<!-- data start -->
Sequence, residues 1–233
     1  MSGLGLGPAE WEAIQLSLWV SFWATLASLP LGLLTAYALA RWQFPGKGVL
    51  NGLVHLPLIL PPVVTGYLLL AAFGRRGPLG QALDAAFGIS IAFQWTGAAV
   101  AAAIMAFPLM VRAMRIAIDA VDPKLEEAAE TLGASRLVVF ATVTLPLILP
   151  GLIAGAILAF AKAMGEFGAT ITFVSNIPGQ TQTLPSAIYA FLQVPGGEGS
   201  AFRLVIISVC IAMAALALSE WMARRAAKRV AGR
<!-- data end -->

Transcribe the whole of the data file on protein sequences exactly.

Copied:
Sequence, residues 1–233
     1  MSGLGLGPAE WEAIQLSLWV SFWATLASLP LGLLTAYALA RWQFPGKGVL
    51  NGLVHLPLIL PPVVTGYLLL AAFGRRGPLG QALDAAFGIS IAFQWTGAAV
   101  AAAIMAFPLM VRAMRIAIDA VDPKLEEAAE TLGASRLVVF ATVTLPLILP
   151  GLIAGAILAF AKAMGEFGAT ITFVSNIPGQ TQTLPSAIYA FLQVPGGEGS
   201  AFRLVIISVC IAMAALALSE WMARRAAKRV AGR